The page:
Skip to main content
Browse Subject Areas

Click through the PLOS taxonomy to find articles in your field.

For more information about PLOS Subject Areas, click here.

  • Loading metrics

TP53 Pro72 Allele Is Enriched in Oral Tongue Cancer and Frequently Mutated in Esophageal Cancer in India

  • Raju S. R. Adduri,

    Affiliation Laboratory of Molecular Oncology, Centre for DNA Fingerprinting and Diagnostics, Nampally, Hyderabad, India

  • Rajender Katamoni,

    Current address: Centre National de la Recherche Scientifique, UMR-7258, Cancer Research Center of Marseille, Marseille, France

    Affiliation Laboratory of Molecular Oncology, Centre for DNA Fingerprinting and Diagnostics, Nampally, Hyderabad, India

  • Ramaswamy Pandilla,

    Affiliation Laboratory of Molecular Oncology, Centre for DNA Fingerprinting and Diagnostics, Nampally, Hyderabad, India

  • Sandeep N. Madana,

    Current address: Medgenome Labs Pvt Ltd, Cochin, India

    Affiliation Laboratory of Molecular Oncology, Centre for DNA Fingerprinting and Diagnostics, Nampally, Hyderabad, India

  • Arun Kumar Paripati,

    Affiliation Laboratory of Molecular Oncology, Centre for DNA Fingerprinting and Diagnostics, Nampally, Hyderabad, India

  • Viswakalyan Kotapalli,

    Affiliation Laboratory of Molecular Oncology, Centre for DNA Fingerprinting and Diagnostics, Nampally, Hyderabad, India

  • Murali Dharan Bashyam

    Affiliation Laboratory of Molecular Oncology, Centre for DNA Fingerprinting and Diagnostics, Nampally, Hyderabad, India



The tumor suppressor p53 is known to be inactivated frequently in various cancers. In addition, germline polymorphisms in TP53 are known to affect protein function and influence risk of developing different types of cancers. In this study, we analyzed the association of TP53 Pro72Arg polymorphism with squamous cell carcinoma of oral tongue (SCCOT) and esophagus (ESCC) in India.


We assessed the distribution of TP53 Pro72Arg polymorphism in one hundred and fifteen and eighty two SCCOT and ESCC patients, respectively, with respect to one hundred and ten healthy controls from the same population. In addition, we analyzed association of the polymorphism with several clinico-pathological and molecular parameters.


Pro72 allele was significantly enriched in SCCOT patients compared to the healthy control group but neither allele was enriched in ESCC. Interestingly, Pro72 allele was preferentially mutated in ESCC which was confirmed by analysis of samples heterozygous for Pro72Arg.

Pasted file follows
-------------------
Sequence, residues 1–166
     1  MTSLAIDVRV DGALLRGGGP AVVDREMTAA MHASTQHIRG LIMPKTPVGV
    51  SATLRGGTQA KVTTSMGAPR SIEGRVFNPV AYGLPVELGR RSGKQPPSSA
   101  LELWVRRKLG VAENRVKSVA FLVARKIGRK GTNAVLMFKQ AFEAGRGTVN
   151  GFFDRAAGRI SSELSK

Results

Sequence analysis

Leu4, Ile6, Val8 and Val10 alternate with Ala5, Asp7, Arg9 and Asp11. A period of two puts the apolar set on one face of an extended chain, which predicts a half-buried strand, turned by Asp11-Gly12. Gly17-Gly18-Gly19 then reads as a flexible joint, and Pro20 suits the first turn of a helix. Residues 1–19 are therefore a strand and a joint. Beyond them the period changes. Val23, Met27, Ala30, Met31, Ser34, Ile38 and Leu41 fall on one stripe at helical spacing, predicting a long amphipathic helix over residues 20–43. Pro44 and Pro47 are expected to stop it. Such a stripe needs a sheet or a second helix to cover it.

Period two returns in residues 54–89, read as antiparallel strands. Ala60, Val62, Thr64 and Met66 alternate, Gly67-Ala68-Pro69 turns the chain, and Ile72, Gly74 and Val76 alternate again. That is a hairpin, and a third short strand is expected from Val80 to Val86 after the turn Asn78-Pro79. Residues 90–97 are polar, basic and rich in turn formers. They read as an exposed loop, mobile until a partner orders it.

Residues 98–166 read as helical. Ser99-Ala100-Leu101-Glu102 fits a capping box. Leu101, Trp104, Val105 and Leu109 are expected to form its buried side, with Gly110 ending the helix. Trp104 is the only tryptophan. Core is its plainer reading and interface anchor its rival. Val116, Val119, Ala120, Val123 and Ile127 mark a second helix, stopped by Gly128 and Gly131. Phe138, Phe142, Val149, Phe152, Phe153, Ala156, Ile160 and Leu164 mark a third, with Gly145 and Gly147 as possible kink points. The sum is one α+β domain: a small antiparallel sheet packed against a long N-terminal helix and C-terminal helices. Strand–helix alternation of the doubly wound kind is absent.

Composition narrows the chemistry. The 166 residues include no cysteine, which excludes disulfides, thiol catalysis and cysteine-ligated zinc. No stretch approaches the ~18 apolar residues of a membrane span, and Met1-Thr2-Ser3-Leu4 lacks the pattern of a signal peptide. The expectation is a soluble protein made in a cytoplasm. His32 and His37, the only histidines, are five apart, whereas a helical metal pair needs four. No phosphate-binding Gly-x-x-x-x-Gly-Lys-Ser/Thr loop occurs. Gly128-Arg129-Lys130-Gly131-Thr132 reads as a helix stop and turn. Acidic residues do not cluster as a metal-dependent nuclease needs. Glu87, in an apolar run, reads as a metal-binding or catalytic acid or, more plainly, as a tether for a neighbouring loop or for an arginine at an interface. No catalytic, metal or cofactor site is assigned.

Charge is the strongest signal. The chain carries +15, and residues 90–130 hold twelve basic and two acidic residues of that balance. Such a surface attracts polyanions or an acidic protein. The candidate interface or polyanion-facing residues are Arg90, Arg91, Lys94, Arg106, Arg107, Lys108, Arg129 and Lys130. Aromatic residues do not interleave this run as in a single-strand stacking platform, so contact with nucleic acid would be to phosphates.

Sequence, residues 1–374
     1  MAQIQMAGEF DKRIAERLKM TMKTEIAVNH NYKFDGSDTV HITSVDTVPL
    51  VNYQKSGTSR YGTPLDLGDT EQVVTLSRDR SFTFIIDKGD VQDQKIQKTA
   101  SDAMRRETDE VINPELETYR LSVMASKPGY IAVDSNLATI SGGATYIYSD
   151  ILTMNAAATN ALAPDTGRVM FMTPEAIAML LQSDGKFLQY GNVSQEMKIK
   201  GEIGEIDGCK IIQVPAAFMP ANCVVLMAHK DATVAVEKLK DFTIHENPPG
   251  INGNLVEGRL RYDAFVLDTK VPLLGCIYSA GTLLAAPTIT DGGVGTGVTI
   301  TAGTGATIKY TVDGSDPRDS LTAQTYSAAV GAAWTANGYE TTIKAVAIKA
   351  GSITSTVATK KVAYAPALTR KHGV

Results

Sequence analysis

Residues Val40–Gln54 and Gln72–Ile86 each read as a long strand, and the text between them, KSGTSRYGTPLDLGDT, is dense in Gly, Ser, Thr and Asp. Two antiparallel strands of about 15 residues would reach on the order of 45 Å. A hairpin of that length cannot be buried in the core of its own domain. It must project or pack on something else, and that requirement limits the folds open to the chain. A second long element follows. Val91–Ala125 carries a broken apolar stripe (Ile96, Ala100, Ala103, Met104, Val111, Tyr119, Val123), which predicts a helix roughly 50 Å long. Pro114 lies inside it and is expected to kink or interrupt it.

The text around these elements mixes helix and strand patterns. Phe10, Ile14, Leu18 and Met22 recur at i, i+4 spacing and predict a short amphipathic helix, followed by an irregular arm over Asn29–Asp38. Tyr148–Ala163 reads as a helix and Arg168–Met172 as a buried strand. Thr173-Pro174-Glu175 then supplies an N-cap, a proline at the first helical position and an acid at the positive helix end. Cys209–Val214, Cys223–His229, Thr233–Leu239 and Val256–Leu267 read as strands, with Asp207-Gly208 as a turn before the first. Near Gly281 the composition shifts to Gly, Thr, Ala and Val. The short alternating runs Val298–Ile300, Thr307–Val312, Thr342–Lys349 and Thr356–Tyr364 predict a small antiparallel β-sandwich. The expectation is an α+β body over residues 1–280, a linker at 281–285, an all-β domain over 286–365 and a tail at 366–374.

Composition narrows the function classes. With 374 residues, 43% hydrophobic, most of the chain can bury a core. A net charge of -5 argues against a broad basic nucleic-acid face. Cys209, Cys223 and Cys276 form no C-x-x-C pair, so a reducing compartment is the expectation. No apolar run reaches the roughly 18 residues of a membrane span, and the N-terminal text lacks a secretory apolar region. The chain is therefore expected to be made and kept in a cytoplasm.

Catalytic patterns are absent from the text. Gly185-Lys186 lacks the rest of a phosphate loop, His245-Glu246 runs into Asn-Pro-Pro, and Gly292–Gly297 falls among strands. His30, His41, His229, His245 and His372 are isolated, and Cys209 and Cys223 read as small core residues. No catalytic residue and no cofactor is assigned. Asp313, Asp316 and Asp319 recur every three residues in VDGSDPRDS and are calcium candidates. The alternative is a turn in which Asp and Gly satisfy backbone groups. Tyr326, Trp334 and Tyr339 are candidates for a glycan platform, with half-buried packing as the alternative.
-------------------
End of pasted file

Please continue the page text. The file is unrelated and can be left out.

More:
Our study revealed the association of Pro72 allele with SCCOT suggesting the effect of this polymorphism on SCCOT risk. Preferential mutation of Pro72 allele exclusively in ESCC indicates the need for further studies to understand the tissue specific effect of p53 polymorphism.


Squamous Cell Carcinoma of the Oral Tongue (SCCOT) is a common form of head and neck squamous cell carcinoma (HNSCC) and its incidence is consistently increasing worldwide [1]. The increase in incidence has been noted predominantly in younger patients [2], [3] in whom it appears to exhibit lower association with common risk factors such as alcohol and tobacco suggesting possible genetic susceptibility [3]. SCCOT is known to be aggressive and is associated with higher rates of occult and nodal metastasis when compared to other HNSCC subtypes [4]. It is often associated with poor survival which has not improved significantly over the past four decades [5], [6]. Esophageal cancer (EC) is the sixth and eighth most common cancer in males and females respectively in India ( Squamous (ESCC; occurs usually in proximal and middle esophagus) and adeno (EAC; occurs mainly in distal esophagus) carcinoma are the two major EC subtypes [7]. Though ESCC was more common few decades ago, a rapid increase in EAC has been noted since the 1980s in the West [8], in parallel with an increased incidence of gastrointestinal reflex disease (GERD). GERD causes an inflammation induced pathological condition called ‘Barrett's esophagus’, which predisposes to EAC [9]. Though, a similar trend in increase of GERD has been noted in Asian countries in the last few decades, ESCC remains the predominant EC subtype [10], suggesting possibility of role of genetic factors. Due to its closer location to neck and similarities in tumorigenesis pathways, ESCC is sometimes classified with HNSCC.

Somatic inactivation of TP53 is a frequent event in most cancers whereas germ line aberrations are associated with Li-Fraumeni [11], a hereditary cancer predisposition syndrome. Common modes of p53 inactivation are point mutations, allelic loss [12] and inactivation mediated by oncoviral proteins [13]. In addition, numerous polymorphisms occur in TP53 of which a few are suggested to perturb protein function and may influence cancer susceptibility [14]. Among these, the codon 72 Pro/Arg polymorphism (rs1042522) is the most common and well-studied. The two p53 codon72 alleles encode proline (Pro72) or arginine (Arg72), located in a polyproline region present between the transactivation and the DNA binding domains and may affect the structure of the putative SH3-binding domain [15]. The Pro72 allele is known to be associated with coronary artery disease [16], higher susceptibility to endometriosis [17], primary open angle glaucoma [18], systemic lupus erythematosus (especially in Asians) [19] and ulcerative colitis [20] whereas the Arg72 allele is associated with progression of Diabetic Nephropathy [21]. More importantly, the polymorphism exhibits varying association with risk [22], [23], survival [24], [25], and treatment response [25] in several cancers in different populations.